Fort Myers Florida Weekly

When a dose of humility would do



At a recent writing conference I had the chance to meet a man I’ve admired for years, a writer whose work I’ve followed through a number of publications. I enjoy his style, his pathos and his willingness to put himself fully on the page. When a good friend said she knew him and asked if I would like to be introduced, my whole body lit up.

“What’s he like?” I asked her.

“He’s cute,” she said.


“A good story teller.”


She thought it over for a minute. “You’ll see.”

I smiled to myself. I couldn’t believe my luck.

That night, I went to a swanky literary party where everyone but me seemed to be wearing the same on-trend glasses. The women had on funky dresses and bright red lipstick; the men were all thin and unshaven in narrow jeans and tight sweaters.



My friend was there, and soon after I arrived she pointed to the famous writer across the crowd. He was in line for the keg and looked every bit the swashbuckling author. When she brought him over to say hello, my shyness overcame me.

For the first few minutes of the conversation, I stared at the floor and nervously worked a ring on my finger. He mostly talked to my friend. But then she saw someone she knew on the other side of the room and flitted away, leaving the famous writer and me to talk. The conversation lulled.

“I have to tell you,” I said, meeting his eyes for the first time, “I read your piece last year in — .” I said the name of the important magazine where his story had been published.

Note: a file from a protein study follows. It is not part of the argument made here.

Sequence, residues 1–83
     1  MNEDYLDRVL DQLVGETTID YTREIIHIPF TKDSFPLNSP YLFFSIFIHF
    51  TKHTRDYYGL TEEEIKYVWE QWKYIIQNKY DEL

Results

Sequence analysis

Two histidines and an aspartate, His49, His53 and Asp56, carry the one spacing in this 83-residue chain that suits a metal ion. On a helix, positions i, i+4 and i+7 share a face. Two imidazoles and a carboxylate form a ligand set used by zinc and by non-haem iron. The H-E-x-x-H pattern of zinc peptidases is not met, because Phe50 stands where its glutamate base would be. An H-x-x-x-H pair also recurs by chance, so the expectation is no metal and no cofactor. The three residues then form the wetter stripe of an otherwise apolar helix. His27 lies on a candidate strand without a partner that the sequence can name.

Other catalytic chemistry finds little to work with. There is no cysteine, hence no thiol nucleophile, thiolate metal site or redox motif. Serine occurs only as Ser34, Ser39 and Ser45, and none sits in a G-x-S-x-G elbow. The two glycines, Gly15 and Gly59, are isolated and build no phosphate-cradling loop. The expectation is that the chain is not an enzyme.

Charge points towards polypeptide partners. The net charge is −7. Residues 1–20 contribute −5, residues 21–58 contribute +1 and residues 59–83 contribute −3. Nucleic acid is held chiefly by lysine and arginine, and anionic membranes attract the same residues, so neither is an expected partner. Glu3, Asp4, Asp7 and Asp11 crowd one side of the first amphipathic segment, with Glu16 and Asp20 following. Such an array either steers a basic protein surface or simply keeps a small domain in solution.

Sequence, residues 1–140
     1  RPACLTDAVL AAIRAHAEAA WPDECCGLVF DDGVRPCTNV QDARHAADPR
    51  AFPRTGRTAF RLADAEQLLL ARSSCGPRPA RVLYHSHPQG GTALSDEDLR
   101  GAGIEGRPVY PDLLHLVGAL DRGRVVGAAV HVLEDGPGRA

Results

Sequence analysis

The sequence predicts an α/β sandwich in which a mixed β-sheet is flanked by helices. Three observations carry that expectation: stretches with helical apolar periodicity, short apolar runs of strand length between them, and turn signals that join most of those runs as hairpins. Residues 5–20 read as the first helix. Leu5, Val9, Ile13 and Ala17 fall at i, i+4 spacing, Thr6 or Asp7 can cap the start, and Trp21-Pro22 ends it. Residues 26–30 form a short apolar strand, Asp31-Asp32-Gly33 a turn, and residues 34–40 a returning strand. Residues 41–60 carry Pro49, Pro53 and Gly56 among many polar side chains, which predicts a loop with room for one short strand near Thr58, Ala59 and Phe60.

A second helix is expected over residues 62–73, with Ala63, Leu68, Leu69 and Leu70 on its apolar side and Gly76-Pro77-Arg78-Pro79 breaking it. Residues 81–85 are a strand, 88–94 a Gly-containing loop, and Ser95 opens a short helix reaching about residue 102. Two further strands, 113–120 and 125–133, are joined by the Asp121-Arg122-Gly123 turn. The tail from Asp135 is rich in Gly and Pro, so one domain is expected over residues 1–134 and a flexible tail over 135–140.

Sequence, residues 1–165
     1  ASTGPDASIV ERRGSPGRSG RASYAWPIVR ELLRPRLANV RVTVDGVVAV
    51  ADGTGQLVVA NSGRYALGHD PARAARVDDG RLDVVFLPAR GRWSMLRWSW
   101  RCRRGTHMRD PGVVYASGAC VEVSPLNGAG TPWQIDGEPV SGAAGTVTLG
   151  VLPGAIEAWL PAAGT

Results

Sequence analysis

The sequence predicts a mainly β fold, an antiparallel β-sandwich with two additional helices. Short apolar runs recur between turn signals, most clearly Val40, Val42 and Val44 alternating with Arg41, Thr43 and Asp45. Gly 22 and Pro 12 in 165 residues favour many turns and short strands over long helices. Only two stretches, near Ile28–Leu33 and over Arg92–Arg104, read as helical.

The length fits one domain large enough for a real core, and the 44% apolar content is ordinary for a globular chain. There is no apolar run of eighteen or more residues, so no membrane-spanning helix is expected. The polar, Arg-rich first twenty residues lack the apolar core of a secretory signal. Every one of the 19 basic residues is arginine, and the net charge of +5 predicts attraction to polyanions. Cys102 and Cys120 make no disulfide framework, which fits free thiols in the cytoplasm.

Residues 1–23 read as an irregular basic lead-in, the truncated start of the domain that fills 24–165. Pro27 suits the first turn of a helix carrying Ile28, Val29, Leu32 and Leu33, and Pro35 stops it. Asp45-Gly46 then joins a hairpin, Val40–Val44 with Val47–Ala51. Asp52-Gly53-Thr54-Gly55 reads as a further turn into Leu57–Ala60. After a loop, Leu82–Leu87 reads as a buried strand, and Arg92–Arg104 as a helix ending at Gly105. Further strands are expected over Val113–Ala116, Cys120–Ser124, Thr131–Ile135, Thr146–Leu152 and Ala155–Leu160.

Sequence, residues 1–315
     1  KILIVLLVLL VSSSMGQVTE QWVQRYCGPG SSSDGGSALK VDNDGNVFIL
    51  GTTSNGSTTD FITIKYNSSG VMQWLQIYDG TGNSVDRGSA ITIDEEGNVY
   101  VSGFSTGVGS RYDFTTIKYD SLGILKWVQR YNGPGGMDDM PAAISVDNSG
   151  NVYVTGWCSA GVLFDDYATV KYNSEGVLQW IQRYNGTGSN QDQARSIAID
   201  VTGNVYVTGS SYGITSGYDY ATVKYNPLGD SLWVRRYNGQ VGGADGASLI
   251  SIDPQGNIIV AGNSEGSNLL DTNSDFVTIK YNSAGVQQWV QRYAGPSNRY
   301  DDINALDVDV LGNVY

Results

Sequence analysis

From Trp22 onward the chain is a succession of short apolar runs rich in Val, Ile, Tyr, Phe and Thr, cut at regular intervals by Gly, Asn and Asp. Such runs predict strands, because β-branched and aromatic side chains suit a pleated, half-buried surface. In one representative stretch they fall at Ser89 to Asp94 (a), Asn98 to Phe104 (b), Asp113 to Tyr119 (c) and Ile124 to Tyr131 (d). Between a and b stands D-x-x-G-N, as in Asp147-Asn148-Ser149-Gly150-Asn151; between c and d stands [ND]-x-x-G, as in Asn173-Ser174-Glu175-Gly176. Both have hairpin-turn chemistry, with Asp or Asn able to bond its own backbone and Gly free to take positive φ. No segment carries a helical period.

“I really loved it.”

He smiled his best dashing smile. “Oh, yeah?”

I beamed. “Yes, definitely.”

He took a sip of his beer. “Well, you know, that piece was picked up by Best American Essays.”

My smiled faltered. “That’s great,” I said.

“Yeah. It is.”

He took a slow look around the room. He seemed to be waiting for me to say more.

All I could think to say was, “It was a great piece.”

I must not have given him what he needed; I must not have seemed impressed enough. Because he spent the next 15 minutes telling me what a big deal he is. This from a man I have admired for a long time — the least likely person to have to impress me. I wanted to shake him. How could he not see that the last thing he should be doing was boasting?

That a dose of humility and humor was all it would take to make me swoon? Did he not realize that in trying to be grander he only made himself seem small?

Finally, worn out from the conversation, I spotted my friend on the other side of the room.

“I’m so sorry,” I said, touching his arm lightly. “I have to go.”

He nodded, took another sip of his beer and scanned the crowd around us. Before I had fully turned away, he was already talking to another woman. I was happy to let her have him.

— Editor’s note: The writer’s book, “Unremarried Widow,” was reviewed in The New York Times on Sunday, Jan. 5.

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